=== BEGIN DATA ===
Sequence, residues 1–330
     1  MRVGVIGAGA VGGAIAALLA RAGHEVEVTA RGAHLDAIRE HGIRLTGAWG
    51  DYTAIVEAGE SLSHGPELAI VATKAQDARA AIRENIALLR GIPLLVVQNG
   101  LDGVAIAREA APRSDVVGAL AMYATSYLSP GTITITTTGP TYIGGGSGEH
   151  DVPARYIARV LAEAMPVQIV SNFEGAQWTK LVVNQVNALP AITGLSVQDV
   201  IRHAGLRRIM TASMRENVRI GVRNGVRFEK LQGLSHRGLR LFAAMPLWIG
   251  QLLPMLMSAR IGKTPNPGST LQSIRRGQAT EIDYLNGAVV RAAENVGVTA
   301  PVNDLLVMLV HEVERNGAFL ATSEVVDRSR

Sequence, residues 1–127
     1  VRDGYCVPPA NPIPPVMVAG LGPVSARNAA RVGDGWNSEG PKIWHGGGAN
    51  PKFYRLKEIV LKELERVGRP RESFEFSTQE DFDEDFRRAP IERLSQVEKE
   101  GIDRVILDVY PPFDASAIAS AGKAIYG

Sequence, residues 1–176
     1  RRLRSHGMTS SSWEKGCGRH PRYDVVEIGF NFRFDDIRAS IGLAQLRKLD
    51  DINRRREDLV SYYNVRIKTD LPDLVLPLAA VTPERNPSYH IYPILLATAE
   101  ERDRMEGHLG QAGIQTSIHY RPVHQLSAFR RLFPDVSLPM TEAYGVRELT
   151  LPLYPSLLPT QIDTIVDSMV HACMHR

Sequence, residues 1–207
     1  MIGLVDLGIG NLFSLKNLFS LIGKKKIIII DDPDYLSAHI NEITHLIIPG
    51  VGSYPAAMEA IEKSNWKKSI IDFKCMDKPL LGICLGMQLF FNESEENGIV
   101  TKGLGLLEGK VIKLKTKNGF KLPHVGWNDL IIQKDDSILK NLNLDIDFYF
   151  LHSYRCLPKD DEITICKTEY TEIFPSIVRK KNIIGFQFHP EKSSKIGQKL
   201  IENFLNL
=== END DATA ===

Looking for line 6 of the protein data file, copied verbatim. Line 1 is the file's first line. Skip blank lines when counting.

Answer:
   201  IRHAGLRRIM TASMRENVRI GVRNGVRFEK LQGLSHRGLR LFAAMPLWIG